If there’s one MOJA event that shows the wide reach and encompassing nature of the festival, it’s the Juried Art Exhibition. Twenty-five artists are participating in this year’s invitational exhibit, juried by local textile artist Arianne King Comer.

Participants include Susan Gregory, whose solo show recently wrapped at the City Gallery at the Gaillard; Lynda English of Florence, who creates colorful decorative art; and Amber Axton-Carmichael, best known for her figurative and body art.


Columbia-based Eileen Blyth specializes in assemblages with found objects. There’s a seashore theme to much of her art. In her installations you might find gloves growing on a tree; in her assemblages, fish navigate metal waves and light fixtures illuminate the moon.

Susan Lenz, also from Columbia, uses thread and through-stitches to explore her own being. Judging by her past work, her inner self is complex, reflective, and comprised of many tiny pieces of yarn.


Pastel artist Ben Nita McAdam is a North Carolina native who now lives in Mt. Pleasant. She manages to capture the attractive hues of the Lowcountry light with a nominal range of pastels. There’s a photorealistic quality to some of her images and a soft impressionist edge to others.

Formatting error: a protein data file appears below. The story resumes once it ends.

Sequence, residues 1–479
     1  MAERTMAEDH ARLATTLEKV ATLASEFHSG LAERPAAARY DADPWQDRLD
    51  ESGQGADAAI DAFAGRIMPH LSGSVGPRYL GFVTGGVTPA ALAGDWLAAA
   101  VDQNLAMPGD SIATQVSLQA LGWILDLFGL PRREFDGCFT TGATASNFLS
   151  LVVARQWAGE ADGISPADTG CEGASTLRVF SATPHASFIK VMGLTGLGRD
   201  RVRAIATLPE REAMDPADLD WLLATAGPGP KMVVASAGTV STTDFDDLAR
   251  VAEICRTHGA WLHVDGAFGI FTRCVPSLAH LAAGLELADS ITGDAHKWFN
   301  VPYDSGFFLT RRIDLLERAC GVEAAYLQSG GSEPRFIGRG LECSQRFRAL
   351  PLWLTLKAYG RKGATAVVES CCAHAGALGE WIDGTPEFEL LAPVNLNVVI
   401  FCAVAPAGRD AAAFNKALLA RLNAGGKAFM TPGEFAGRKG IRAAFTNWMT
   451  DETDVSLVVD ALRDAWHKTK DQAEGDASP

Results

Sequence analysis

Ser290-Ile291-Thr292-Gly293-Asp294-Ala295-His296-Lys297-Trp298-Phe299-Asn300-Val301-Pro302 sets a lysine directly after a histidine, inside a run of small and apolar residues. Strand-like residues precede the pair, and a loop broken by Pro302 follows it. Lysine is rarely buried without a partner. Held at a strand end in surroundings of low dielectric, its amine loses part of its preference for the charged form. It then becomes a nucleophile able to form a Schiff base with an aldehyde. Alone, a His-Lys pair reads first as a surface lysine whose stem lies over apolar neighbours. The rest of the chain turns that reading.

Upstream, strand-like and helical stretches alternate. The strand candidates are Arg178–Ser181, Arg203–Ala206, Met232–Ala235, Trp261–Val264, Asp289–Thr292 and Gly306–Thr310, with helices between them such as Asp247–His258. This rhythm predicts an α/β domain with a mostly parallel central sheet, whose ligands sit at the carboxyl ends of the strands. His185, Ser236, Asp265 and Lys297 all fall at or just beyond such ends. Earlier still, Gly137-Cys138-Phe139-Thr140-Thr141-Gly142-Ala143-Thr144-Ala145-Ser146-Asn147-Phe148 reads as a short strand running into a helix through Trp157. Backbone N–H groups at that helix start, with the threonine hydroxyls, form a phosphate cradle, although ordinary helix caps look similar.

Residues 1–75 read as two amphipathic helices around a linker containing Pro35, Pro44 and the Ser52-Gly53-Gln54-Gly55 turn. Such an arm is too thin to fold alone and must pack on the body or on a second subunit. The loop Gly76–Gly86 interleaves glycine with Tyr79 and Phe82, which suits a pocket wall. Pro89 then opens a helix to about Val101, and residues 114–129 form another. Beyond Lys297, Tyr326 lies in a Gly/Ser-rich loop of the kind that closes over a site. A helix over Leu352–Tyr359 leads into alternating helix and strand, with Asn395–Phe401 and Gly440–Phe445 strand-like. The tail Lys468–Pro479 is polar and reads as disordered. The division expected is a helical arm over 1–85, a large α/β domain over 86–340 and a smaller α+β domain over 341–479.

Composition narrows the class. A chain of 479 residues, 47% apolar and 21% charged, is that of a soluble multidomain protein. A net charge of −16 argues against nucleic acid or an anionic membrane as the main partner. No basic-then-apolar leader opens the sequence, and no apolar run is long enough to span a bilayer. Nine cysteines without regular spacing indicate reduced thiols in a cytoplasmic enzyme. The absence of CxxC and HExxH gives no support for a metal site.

Dorothy Montgomery is a quilter living in Charleston. She has used fabric and acrylic paint, ink, embroidery floss, dye sticks, crayons, and appliqués to illustrate her songs, poems, and stories inspired by African-American music. The South Park-size characters on her quilts help evoke a storybook quality that makes them immediately identifiable, drawing the viewer into the narrative. Montgomery uses well-known objects and symbols (a pulpit, a fishing boat, hay bales) to tell her widely resonant tales.

With other strong artists like Lese Corrigan and Julie Lawrence participating, this is a stimulating, eclectic show that proves you don’t have to be a traditional painter to capture the diverse essence of the Lowcountry. —Nick Smith

The Juried Art Exhibition is on display through Oct. 30 at the Avery Research Center for African American History & Culture. 125 Bull St. (843) 953-7609. Free.